Another reason that can be cited to have contributed to the decline of the great Roman Empire was excessive military spending. This shifted resources meant for financing vital activities such as providing public housing and maintenance of quality roads towards military conquest expeditions. For instance, the emperors were forced to maintain an army along the empires borders to safeguard against constant attacks by the Barbarians. This drained the government heavily leading to inflation at one point. This inflation of the second half and the third century affected the artisans, the middle class, and even the upper echelons of the Roman society. This was the situation the century before Constantine. For instance, during the time of Claudius ll Gothicus, silver in a 100% silver denarius was only 0.02%. This inflation coupled with over taxation pushed the Roman citizens to the extreme. Over taxation resulted to progressive abandonment of lands that produced food for the empire, and eventually resulted to impoverishment.
The other factor cited as a cause of decline of the empire is lead poisoning. According to Nriagu, “the most obvious incontestable fact that led to the rapid decline of the Roman Aristocracy was lead poisoning which led to Aristothanasia. The great men became imbeciles and underachievers.” It is believed lead found its way into water used by the inhabitants through glazes and pipes and eventually came to contact with beverages and food. The substance was also absorbed through the skin pores since it was an ingredient of the cosmetics used by the Romans (Ermatinger 19).
Finally, after the Roman Empire adopted Christianity and the inhabitants became pacifists, the Germanic tribes called the Visigoths were allowed to move into Rome to pave way for the barbarian huns. While inside Rome, they conquered and destroyed sections of the city. By 453 A.D, the Huns and Attila started attacking the Romans and took their land. Two years later, a Germanic tribe called the Vandals conquered Rome city. Most historians date the final fall of the Western Roman Empire as 476 A.D when the Germanic general called Ocacer overthrew Emperor Augustulus Romulus. The Germanic chieftain henceforth assumed leadership of the empire. Fields were left untilled, the bridges and roads were in despair. Bandits and Pirates invested the trade routes making then unsafe. Consequently, cities did not receive constant supply of goods from upcountry farms and trade and business declined effectively, which symbolized the fall of the once great Roman Empire.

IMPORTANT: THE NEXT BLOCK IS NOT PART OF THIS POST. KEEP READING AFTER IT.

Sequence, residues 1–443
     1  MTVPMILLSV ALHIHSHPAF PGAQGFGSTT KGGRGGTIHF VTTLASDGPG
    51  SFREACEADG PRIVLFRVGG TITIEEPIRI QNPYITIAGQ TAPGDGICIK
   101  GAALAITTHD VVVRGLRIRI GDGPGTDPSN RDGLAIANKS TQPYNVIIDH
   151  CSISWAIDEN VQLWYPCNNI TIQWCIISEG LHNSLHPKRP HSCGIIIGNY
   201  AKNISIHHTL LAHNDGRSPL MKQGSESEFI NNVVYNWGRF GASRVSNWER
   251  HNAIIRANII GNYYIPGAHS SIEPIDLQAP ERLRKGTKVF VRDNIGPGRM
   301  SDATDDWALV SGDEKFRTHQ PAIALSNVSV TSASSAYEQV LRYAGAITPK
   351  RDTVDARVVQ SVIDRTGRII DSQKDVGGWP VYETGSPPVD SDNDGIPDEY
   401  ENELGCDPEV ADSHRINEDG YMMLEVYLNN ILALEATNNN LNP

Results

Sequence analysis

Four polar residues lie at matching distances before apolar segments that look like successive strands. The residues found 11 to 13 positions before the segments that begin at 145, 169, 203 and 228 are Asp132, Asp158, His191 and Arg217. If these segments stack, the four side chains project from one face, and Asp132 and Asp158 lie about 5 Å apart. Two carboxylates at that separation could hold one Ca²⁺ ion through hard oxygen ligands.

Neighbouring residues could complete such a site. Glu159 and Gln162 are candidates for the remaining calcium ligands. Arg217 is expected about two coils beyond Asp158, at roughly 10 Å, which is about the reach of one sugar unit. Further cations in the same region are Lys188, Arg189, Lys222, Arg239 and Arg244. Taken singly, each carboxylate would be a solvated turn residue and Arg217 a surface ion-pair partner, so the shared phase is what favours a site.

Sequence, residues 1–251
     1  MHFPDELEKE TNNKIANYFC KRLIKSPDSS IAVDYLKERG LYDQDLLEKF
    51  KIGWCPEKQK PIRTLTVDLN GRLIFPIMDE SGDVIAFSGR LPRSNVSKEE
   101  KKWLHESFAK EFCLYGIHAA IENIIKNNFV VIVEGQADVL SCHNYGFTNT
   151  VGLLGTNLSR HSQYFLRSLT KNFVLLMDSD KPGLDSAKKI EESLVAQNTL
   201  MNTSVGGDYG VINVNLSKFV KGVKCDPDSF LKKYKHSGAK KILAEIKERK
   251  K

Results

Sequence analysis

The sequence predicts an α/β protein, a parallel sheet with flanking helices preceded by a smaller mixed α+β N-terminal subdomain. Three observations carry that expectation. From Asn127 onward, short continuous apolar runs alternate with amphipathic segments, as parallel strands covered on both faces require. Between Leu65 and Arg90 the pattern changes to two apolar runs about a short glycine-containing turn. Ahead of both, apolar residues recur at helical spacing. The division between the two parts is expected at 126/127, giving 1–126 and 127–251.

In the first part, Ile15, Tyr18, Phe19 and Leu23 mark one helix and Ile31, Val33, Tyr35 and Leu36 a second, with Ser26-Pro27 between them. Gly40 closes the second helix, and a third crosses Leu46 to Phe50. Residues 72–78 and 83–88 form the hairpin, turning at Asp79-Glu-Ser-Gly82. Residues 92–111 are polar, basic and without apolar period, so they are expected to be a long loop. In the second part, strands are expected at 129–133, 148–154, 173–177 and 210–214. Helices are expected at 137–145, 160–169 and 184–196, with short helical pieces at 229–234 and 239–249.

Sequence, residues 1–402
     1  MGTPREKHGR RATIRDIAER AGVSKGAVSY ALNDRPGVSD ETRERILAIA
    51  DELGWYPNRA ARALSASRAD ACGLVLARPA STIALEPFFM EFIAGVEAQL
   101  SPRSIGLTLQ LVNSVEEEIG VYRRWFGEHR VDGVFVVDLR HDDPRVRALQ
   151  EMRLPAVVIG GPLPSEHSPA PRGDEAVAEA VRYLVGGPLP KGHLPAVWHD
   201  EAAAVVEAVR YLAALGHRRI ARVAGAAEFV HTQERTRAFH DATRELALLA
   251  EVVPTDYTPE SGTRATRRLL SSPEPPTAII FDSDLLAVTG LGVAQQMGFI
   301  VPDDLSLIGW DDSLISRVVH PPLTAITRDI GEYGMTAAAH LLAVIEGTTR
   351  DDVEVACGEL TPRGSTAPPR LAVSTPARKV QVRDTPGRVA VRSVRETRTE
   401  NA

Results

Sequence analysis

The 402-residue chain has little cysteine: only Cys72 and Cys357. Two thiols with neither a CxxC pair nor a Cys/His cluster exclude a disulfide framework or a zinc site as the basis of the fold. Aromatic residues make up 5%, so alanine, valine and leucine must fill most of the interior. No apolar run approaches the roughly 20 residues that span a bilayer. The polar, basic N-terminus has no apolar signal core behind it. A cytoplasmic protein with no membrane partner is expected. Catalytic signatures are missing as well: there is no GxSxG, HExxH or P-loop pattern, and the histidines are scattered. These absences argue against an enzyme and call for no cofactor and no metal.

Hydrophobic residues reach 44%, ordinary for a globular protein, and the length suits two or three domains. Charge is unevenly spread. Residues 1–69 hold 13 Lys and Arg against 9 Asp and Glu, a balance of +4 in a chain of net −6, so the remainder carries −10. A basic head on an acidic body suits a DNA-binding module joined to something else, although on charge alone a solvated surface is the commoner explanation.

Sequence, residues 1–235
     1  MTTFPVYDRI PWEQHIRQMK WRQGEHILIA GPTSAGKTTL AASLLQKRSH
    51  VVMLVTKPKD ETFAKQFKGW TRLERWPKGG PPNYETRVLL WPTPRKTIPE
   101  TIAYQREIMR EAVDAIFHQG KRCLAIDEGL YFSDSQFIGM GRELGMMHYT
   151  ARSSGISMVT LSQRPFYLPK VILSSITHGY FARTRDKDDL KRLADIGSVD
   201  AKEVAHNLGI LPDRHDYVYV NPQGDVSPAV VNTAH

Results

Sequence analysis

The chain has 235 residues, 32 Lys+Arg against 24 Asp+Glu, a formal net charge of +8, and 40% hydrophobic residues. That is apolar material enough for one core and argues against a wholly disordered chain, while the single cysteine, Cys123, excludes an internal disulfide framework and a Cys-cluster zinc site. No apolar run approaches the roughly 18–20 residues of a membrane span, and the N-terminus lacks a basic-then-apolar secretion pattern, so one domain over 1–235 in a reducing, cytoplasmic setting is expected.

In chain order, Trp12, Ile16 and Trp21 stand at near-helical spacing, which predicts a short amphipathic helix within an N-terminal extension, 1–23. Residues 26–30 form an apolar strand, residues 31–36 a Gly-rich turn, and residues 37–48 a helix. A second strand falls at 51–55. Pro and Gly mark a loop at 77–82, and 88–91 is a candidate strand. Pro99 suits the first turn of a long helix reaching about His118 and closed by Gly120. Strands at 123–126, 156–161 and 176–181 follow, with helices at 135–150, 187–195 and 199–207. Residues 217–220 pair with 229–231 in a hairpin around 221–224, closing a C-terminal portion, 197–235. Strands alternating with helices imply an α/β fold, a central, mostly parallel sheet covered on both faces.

Did it really fall or change into something else?
Before we answer the above question, it is important we first note that during its peak, the Roman Empire had succeeded in expanding eastwards and encompassed today’s Europe, the middle east and North Africa. When Emperor Theodosius died in 395 AD, the Roman Empire was divided into two. Arcadius, the eldest Son received the Eastern segment whose capital was Byzantium. The youngest son named Honorius received the Western segment, which is the one that fell on 476AD. The Byzantine Empire (Eastern Roman empire) survived for another millennium and fell on 1453 to Ottoman Turkish onslaughts (Ott 54).
Concisely, we can argue that what fell was the economic power and military prowess of both the Western and Eastern Empire. Features of the Roman culture have survived while some have faded away. For instance, the Roman culture features that have survived include art, literature, engineering, the field of jurisprudence, road network, city planning, architecture, and language.
Ermatinger, James William. The decline and fall of the Roman Empire. Westport, Conn: Greenwood Press, 2004. Print.
Gibbon, Edward. The History of the Decline and Fall of the Roman Empire. Boston: MobileReference.com, 2010. Print.
Ott, Justin. "The decline and fall of the Western Roman Empire." Iowa State University Graduate Theses and Dissertations (2009): 1 - 71. Print.